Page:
Marshall Woods Environmental Assessment

Main Rattlesnake NRA road

Main Rattlesnake NRA road at the 1.7-mile mark, March 2013 (the ice isn’t nearly that bad this year!)

The Lolo National Forest has released its Environmental Assessment (EA) for the Marshall Woods Restoration Project, “an integrated project to improve forest stand conditions and reduce hazardous fuels in the lower Rattlesnake Creek drainage and the Marshall Creek-Woods Gulch area”.  They’re hosting a public meeting this coming Wednesday evening, March 18th, 6-8 p.m. at the Doubletree Hotel. Public comment will be accepted through April 6th.  The RCWG is evaluating the proposed actions this month and we’ll be submitting comments.

As you can see from the the Lolo NF links and the Google Earth view below, this project is pretty big–the project area encompasses about 20 square miles, and “treatment” (mainly thinning and prescribed burning, along with some trail and road modification and noxious weed control) is proposed for almost 4,000 acres within the Rattlesnake and Marshall Creek watersheds.

I requested GIS layers for Preferred Alternative B and created the Google Earth view below (I’ll add a link to the .kmz file later this weekend–meanwhile please email me if you want to look at the map data).

Google Earth view of Marshall Woods Alternative B treatment areas

Marshall Woods treatment areas proposed under Alternative B

Concerns have been raised about log truck traffic along the Rattlesnake Recreation Area road and within the populated areas of the Rattlesnake Valley. The current EA is the culmination of a lengthy planning process involving a range of stakeholder input. Please consider attending the public meeting on March 18th, and along with commenting on the EA, please contact the RCWG if you have questions or concerns.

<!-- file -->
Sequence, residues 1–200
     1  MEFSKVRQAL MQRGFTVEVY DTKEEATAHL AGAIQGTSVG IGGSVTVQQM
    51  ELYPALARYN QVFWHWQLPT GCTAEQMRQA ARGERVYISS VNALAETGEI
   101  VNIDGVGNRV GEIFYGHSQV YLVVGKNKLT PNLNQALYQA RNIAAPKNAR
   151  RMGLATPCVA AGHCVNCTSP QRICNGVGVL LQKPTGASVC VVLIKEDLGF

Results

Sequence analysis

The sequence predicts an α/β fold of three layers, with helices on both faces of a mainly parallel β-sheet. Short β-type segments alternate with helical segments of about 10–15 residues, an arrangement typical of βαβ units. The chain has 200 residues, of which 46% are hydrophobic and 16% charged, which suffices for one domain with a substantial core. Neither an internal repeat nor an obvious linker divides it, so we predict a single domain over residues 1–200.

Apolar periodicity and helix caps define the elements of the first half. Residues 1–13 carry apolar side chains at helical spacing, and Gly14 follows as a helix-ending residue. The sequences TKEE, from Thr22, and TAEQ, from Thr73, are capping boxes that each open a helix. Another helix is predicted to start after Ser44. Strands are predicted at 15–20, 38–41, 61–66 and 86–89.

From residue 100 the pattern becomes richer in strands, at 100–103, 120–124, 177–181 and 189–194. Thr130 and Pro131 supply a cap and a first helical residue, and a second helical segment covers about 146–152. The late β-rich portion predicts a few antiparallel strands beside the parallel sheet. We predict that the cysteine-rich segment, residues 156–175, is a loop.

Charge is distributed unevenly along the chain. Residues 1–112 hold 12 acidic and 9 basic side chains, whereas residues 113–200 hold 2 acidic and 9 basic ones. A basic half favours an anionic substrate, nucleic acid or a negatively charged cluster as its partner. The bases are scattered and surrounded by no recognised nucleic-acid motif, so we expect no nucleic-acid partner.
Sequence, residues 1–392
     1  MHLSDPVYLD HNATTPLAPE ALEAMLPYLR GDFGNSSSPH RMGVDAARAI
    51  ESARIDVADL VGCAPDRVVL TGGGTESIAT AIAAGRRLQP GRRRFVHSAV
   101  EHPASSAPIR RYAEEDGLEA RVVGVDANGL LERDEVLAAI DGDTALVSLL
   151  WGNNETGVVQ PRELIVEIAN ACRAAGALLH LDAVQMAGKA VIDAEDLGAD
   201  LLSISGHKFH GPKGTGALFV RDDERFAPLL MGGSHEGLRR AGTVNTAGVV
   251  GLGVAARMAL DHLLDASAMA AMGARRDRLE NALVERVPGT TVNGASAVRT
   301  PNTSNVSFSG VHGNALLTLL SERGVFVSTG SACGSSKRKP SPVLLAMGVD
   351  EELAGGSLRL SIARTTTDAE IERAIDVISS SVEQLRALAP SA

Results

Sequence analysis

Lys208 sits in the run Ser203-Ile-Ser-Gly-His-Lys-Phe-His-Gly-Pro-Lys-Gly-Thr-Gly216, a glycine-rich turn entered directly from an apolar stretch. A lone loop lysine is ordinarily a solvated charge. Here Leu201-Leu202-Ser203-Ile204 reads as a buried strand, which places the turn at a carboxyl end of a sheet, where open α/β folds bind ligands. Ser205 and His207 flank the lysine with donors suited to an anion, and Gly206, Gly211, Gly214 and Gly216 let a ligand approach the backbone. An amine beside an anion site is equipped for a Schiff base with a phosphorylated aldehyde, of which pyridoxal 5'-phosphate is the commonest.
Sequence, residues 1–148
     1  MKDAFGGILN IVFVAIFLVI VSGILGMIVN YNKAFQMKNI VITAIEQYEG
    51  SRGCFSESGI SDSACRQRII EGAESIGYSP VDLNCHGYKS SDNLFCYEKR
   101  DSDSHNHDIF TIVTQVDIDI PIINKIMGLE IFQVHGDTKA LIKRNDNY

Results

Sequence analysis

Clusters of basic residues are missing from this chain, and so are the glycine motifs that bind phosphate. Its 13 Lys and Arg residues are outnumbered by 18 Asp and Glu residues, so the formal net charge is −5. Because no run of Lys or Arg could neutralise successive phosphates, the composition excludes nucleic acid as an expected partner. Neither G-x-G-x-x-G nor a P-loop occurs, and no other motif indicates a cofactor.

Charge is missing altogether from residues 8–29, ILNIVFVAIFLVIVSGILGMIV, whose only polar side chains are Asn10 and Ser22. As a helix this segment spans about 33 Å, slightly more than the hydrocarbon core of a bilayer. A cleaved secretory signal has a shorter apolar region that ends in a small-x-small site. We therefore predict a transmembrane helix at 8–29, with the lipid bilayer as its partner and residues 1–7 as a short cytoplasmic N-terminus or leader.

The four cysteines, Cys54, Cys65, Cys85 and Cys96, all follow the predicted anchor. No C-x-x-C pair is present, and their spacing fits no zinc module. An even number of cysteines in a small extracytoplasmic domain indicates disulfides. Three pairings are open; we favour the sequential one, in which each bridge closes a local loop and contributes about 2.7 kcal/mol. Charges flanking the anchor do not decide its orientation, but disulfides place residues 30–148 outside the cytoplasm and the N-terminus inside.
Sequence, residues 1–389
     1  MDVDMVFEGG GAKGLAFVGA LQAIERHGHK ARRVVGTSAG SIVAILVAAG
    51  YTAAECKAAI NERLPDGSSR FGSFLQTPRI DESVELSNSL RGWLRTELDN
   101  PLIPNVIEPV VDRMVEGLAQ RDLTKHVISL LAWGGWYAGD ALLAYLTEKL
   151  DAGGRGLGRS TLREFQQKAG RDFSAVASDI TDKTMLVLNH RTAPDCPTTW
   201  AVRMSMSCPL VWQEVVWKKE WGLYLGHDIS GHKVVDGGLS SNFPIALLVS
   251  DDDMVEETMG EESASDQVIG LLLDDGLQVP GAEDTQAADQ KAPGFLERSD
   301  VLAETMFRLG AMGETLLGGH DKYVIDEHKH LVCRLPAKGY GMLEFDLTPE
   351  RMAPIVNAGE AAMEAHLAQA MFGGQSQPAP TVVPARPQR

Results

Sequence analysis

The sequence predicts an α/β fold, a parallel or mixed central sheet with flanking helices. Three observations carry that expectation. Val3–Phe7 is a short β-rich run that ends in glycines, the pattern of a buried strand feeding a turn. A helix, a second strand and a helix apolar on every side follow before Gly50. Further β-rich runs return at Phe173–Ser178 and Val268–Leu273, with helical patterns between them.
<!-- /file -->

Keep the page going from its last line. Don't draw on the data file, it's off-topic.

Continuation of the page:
Photos from the Marshall Woods EA

Examples of Marshall Woods Project units within the Rattlesnake NRA

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About Eric Edlund

A geographer

Posted on March 14, 2015, in Uncategorized. Bookmark the permalink. 1 Comment.

  1. Congratulations on the restoration project near the horse bridge. Very well done. FYI Only @ two of the ponderosa planted here are surviving. Not sure if the best time to replace them is in the spring or fall but might I suggest they be replaced with P. pines from further up the trail? There would be no cost for the trees and it would make an interesting project for some intrepid individual and would be a short term easy project. Also, trees taken from the immediate area stand a better chance of survival.

    As an aside– last year when all those boulders were piled at the restoration site I told people that there had been a landslide. Absolutely amazing how many people believed it!

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